McCarty and her team submitted a paper last year to an academic journal about their work in King County. “I am very surprised,” one reviewer wrote, that the authors’ work was “determined to not be human subjects research and IRB approval was not needed.”
“It is hard to walk the line”
As schools began administering Check Yourself in 2018, some raised questions about the evidence behind it.
“We are unsure if we are being asked to field test a research or diagnostic tool,” staff at Tukwila School District wrote in an initial progress report to King County.
Amid the pushback, Margaret Cary, a county physician, acknowledged in an email with colleagues in 2019 that “it is hard to walk the line of ‘experimenting’ on kids vs expanding the evidence base and trying to improve on existing efforts.”
Cary, who has since left King County, said that the program is “both evidence informed and an important innovation to fill a gap.” She added, “There was universal advocacy from multiple stakeholders that Check Yourself was the best fit.”
Based on students’ experiences, King County, Seattle Children’s and Tickit made a series of tweaks to Check Yourself. Among the changes: giving students the option not to answer some questions, tweaking language on sexual attraction, and removing questions about trauma that they decided shouldn’t be asked.
Many schools have warmed to the benefits of screening.
“We’ve been able to reach so many kids who otherwise might have fallen under the radar,” an Auburn School District counselor wrote.
Highline School District created a “Queer Connections” support group after using SBIRT data to uncover “an unsafe school environment for students who identify as LGBTQ+.”
In the Tahoma School District, a straight-A student confided in Check Yourself that he had thoughts of suicide. Following an intervention, the boy stopped harming himself.
Even as the program notches successes, schools have had to reckon with questions from parents about the content and the privacy of screening.
Parents in most cases receive a general notification about the program with the option to opt out, but not detailed information about sensitive questions like gender and sexuality. Seattle Children’s is exploring these topics for their links to health.
“I felt like it’s completely none of their business and totally irrelevant,” a Lake Washington School District parent, who asked that her name be withheld to protect the privacy of her kids, said of the gender and sexuality questions. She said that the screening quickly became the talk of the school, with students speculating about why their peers were pulled from class to meet with a counselor.
A parent in the Snoqualmie Valley School District went a step further: asking to see what records the school was collecting.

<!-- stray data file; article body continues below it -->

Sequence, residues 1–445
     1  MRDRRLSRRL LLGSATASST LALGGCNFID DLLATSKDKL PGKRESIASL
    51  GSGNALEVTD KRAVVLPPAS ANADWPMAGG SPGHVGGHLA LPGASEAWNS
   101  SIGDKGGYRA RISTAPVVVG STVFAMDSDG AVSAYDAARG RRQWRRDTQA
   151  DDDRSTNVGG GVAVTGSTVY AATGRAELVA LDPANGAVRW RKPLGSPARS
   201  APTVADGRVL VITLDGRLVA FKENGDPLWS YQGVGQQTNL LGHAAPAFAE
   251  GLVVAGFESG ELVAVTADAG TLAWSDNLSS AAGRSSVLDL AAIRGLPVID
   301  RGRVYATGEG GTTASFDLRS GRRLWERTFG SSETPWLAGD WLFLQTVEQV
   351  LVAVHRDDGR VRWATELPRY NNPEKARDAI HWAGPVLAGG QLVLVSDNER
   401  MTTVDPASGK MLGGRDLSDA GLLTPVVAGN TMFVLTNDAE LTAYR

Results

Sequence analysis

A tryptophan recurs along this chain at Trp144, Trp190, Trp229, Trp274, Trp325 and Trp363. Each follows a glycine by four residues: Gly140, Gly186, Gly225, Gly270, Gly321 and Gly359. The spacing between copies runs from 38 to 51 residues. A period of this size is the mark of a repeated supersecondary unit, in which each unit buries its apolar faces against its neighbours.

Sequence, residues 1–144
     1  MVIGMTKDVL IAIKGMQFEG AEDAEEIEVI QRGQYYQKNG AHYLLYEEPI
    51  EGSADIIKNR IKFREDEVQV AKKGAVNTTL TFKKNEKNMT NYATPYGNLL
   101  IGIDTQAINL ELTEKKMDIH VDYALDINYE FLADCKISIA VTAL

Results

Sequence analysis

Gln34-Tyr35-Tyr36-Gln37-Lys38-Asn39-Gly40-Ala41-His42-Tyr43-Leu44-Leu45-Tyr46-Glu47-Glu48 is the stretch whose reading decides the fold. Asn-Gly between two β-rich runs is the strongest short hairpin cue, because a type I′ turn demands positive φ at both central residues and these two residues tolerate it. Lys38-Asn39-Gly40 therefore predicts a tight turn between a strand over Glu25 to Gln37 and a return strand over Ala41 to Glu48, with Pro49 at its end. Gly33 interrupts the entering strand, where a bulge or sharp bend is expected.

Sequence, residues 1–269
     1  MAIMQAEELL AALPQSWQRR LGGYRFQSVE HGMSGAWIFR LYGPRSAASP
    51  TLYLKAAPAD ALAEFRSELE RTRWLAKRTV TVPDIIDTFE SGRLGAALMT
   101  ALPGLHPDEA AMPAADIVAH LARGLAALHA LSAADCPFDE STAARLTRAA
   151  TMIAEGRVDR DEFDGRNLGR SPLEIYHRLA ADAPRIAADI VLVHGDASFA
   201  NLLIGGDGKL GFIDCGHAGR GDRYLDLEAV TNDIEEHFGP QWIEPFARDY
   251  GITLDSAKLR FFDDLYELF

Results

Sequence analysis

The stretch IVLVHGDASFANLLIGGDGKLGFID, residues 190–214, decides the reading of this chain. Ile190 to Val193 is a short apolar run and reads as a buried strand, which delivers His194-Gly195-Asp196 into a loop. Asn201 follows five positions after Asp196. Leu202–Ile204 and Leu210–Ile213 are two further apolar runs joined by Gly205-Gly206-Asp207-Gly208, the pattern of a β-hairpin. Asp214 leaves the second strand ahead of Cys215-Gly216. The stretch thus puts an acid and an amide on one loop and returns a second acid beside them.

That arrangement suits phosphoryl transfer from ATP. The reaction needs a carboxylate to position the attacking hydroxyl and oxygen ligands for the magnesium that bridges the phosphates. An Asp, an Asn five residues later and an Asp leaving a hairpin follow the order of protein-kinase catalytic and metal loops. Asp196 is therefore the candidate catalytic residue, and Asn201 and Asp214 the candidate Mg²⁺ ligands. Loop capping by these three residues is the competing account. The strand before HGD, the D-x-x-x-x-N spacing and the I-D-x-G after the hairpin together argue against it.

The Snoqualmie parent emailed the school principal in March 2020 to ask for all the child’s SBIRT records for a “data privacy research project,” according to correspondence the district provided in response to a public-records request.
School staff were not sure what to do. “We tell the students that this is not going to be shared with anyone, except for the counseling team,” one staffer emailed colleagues.
Snoqualmie Valley told The Times that student responses to Check Yourself are “not identifiable by name,” and “staff do not maintain records of the student responses.” Yet three months after the Snoqualmie parent asked for the SBIRT records, the district provided a copy.
A district spokesperson had no explanation for how officials provided a record they claim not to keep, but LeRoy Rooker did.
“They know they have to,” said Rooker, a former head of the U.S. Department of Education’s Family Policy Compliance Office, who along with three other education experts believes student responses to Check Yourself are part of students’ education record.
Of greater concern, he said, is that some schools provide the anonymous screening data publicly, believing that removing names is enough to protect student identities.
“If I were a parent,” he said, “I would be very disturbed by that.”
Students, for their part, have reported that Check Yourself is easy to use. Tickit Health says its questionnaires are designed — through language, colors and icons — to build trust with various audiences and elicit more accurate information, and the approach appears to be effective with some students.
“Thanks for making us do this survey,” a Tahoma student wrote in response to an open-ended prompt. The student had initially felt uncertain, but after opening the questionnaire, “I felt like I could tell you guys anything that’s bothering me.”
Engagement reporter Taylor Blatchford contributed to this article.